American clientele represent more than 50% of the cruise industry market which has specific expectations. While Europeans consider cruise destinations to be the most important criterion in their decision, Americans consider the choice of ship to be the most important as the ship is their destination. Cruise lines are designing ships like the Harmony of the Seas, with ever more services and entertainment spaces.


To attract a specific customer segment, theme cruises have been developed. Among the most popular are trips for seniors with dietetic menus and ships better designed for wheelchair mobility. There are also cruises to celebrate the sounds of the ‘80s for middle-aged clientele and others with music for millennials.

As far as ship routing is concerned, a real ecosystem has been created in the Caribbean. In 2017, this region accounted for 35.4% of the cruise offer worldwide. American customers embarking from or to Florida ports discover a foreign port in the Caribbean. Only U.S.-flagged vessels can make voyages between U.S. ports. Cruise ships, most of which fly Panamanian, Bahamian or Maltese flags for tax purposes, must therefore establish a connection with a foreign destination from US ports. Worldwide ranking of the biggest ports in terms of number of passengers in 2016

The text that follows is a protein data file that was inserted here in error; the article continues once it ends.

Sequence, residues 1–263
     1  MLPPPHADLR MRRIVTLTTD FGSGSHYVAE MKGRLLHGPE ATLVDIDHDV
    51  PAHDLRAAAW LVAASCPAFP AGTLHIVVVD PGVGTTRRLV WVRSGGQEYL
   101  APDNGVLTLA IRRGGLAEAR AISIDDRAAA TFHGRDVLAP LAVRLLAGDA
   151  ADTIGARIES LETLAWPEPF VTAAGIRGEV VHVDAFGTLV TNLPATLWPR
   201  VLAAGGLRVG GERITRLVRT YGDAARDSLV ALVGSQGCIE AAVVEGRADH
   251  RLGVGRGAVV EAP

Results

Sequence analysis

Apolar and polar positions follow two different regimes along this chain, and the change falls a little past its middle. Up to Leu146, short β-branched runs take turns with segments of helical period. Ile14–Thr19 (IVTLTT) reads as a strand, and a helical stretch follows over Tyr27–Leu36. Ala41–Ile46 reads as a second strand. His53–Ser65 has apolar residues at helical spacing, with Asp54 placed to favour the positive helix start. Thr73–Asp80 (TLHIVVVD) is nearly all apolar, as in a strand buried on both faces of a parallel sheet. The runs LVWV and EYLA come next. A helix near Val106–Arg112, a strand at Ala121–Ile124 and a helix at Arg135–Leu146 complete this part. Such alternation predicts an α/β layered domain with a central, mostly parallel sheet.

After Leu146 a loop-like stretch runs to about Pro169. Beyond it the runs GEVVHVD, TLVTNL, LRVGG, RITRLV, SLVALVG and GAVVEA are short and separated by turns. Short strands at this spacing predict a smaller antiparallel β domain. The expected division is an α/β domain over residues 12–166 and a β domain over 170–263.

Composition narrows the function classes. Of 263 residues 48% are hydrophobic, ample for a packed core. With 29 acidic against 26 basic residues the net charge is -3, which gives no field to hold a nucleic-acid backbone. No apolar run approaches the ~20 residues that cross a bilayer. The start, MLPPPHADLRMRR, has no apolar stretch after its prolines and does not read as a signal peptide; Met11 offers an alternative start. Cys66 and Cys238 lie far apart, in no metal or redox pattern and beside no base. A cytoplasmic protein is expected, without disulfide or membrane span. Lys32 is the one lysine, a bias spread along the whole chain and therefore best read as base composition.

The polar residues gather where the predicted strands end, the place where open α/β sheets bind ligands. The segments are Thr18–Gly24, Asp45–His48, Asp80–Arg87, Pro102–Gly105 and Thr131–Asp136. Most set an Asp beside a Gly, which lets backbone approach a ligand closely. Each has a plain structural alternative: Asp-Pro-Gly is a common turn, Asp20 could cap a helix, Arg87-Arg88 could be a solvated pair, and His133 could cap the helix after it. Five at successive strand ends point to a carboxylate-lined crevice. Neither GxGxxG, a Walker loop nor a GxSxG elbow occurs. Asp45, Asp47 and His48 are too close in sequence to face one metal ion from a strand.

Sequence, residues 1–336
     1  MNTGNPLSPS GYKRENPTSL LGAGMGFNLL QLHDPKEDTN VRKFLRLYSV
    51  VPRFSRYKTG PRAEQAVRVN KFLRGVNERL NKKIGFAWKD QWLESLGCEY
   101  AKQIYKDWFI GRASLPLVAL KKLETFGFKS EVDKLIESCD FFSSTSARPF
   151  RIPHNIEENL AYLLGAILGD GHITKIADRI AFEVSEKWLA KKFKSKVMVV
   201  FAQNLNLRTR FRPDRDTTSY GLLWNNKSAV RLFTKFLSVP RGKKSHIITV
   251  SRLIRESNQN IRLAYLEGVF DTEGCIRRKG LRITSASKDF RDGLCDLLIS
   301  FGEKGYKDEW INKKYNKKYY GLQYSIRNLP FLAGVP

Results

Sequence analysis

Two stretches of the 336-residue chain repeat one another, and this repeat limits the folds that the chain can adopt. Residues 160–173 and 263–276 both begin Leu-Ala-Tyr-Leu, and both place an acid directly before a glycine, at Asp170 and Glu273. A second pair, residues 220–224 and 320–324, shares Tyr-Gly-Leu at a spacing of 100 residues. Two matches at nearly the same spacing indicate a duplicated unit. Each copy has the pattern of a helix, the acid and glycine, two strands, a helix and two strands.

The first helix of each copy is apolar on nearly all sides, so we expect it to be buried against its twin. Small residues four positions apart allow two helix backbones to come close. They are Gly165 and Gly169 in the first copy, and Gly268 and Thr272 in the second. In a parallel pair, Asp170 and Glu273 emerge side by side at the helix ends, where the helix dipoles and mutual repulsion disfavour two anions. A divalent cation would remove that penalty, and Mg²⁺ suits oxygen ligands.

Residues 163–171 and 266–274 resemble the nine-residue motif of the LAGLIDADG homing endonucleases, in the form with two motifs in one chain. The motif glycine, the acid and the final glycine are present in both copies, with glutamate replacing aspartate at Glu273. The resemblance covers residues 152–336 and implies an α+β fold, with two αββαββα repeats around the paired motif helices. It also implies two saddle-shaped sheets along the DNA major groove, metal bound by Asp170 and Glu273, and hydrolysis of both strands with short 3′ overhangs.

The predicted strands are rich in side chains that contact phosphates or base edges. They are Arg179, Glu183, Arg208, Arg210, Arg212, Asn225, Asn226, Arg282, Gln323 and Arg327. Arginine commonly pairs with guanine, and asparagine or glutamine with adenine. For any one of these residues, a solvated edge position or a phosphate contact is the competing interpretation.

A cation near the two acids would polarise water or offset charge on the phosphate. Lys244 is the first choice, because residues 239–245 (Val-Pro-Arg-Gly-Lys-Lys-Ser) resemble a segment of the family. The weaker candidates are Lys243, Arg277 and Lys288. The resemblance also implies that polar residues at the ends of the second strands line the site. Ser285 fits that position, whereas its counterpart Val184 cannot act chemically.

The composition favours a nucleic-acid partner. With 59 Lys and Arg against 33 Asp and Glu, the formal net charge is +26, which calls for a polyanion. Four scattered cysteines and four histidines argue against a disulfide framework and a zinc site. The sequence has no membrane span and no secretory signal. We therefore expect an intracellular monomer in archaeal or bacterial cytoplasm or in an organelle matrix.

The diversity and proximity of other countries in these waters allows the deployment of fleets to a variety of destinations. However, passengers do not necessarily discover these countries and their cultures because they make stopovers in resorts arranged by cruise lines. In the port of Cozumel (Mexico), which welcomed more than 3.6 million passengers in 2016, the island consists of catering areas designed for American customers. To evoke the history and culture of the place, the port has been decorated with sculptures that echo ancient Mayan civilization.